Properties of carbon and alloy steels vary with their composition and microstructures, which are dependent on the heat treatment and quenching process used.
Typically, steel is heated to its austenitization temperature and then cooled sufficiently fast to avoid pearlite transformation and obtain maximum hardness and strength. The critical cooling rate is dependent on both the specific heat capacity and thermal conductivity of both the steel and the quenchant in addition to quench-bath temperature and agitation.
Among the most common quenchants used is water. However, petroleum-oil-derived quenchants are used when lower cooling rates and more uniform cooling is desired for better distortion control and crack prevention. In addition to being susceptible to global supply issues and price volatility, petroleum oil possesses a number of other significant disadvantages, including: poor biodegradability, toxicity and flammability. Therefore, it is of continuing interest to identify a viable alternative to petroleum oil as a basestock for quenchant formulation.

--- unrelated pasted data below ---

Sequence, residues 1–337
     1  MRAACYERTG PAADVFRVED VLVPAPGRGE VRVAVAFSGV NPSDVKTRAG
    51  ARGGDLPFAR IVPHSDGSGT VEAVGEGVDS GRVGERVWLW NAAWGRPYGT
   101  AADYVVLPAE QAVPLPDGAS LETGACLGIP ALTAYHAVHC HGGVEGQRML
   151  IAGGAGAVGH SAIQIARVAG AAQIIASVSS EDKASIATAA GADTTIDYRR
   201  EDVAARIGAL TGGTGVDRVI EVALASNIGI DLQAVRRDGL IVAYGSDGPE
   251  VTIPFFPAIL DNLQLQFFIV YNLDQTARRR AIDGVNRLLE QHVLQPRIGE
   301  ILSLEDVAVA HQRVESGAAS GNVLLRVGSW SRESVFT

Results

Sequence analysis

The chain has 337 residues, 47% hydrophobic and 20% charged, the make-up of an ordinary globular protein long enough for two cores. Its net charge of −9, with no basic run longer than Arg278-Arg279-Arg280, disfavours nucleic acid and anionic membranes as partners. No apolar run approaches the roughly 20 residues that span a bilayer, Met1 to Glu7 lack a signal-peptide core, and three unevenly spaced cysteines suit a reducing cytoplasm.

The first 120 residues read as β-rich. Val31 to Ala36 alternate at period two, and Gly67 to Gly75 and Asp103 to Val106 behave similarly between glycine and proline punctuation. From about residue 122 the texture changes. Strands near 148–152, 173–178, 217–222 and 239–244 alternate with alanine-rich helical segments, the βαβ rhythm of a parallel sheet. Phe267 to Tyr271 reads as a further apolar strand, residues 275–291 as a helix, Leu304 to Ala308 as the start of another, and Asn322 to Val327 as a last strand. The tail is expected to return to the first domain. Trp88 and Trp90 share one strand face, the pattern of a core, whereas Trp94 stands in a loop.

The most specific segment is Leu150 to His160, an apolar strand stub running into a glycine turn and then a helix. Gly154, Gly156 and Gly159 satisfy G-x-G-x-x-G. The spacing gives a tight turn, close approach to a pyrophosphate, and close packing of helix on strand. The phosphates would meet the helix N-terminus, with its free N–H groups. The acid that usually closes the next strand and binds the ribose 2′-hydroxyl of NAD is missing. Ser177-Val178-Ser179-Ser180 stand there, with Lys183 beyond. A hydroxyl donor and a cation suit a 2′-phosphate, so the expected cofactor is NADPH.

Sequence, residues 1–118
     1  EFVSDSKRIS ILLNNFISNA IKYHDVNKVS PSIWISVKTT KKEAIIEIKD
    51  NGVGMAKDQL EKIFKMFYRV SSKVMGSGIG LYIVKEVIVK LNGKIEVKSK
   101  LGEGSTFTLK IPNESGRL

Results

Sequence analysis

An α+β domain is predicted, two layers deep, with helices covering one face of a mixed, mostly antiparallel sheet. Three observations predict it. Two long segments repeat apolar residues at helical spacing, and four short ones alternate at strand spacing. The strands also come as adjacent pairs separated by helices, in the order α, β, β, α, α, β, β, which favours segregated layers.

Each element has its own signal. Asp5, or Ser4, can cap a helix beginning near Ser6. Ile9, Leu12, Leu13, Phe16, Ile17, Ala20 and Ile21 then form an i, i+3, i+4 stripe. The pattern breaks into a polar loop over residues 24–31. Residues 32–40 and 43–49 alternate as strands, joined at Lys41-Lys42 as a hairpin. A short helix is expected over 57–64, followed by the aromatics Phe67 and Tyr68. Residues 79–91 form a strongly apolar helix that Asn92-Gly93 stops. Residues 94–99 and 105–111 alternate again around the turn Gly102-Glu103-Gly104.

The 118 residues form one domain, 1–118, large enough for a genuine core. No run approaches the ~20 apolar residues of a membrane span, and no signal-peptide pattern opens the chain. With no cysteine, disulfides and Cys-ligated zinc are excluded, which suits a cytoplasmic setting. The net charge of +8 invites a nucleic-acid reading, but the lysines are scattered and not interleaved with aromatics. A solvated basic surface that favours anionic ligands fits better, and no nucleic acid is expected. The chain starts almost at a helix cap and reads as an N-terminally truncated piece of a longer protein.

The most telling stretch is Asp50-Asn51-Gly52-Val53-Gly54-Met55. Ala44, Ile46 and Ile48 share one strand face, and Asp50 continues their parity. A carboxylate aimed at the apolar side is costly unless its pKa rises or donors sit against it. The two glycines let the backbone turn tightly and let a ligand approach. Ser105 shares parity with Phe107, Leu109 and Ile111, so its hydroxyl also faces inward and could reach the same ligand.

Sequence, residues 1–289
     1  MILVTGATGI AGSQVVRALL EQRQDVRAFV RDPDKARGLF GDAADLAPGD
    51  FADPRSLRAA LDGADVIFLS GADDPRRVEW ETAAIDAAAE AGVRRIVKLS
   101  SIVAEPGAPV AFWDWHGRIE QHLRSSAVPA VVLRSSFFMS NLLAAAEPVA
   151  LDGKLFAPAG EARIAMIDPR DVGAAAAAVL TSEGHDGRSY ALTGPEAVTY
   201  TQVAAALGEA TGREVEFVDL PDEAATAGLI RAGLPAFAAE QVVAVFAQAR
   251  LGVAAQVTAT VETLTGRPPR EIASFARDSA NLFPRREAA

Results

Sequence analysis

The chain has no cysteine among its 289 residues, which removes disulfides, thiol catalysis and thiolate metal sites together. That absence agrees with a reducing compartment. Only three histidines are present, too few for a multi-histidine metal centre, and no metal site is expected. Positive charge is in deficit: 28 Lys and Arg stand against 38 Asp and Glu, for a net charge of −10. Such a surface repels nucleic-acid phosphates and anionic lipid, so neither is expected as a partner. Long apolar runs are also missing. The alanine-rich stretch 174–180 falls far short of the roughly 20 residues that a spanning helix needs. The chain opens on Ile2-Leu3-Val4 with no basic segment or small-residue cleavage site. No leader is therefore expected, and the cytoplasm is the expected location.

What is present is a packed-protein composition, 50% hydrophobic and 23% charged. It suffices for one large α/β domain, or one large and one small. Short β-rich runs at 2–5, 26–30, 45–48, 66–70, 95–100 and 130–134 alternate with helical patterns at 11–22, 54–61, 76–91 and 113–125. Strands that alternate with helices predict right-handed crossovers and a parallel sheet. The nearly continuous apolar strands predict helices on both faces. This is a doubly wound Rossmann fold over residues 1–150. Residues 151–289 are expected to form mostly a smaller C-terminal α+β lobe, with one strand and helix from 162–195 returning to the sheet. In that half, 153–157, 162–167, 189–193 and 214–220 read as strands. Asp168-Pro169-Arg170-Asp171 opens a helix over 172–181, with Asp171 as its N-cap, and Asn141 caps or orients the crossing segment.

Currently, vegetable oils are one of the most commonly identified renewable, biodegradable and non-toxic basestocks. In addition to their relatively narrow viscosity range, vegetable oils exhibit considerably lower thermal-oxidative stability relative to petroleum oil, which has been a significant factor inhibiting its use in the industry.
This paper will provide an overview of the recent history of the use of vegetable oils as quenchants for steel. A brief comparison of the quenching performance exhibited by vegetable oils relative to petroleum oil will be illustrated. Also discussed is the effect of antioxidants on thermal-oxidative stabilization of soybean oil.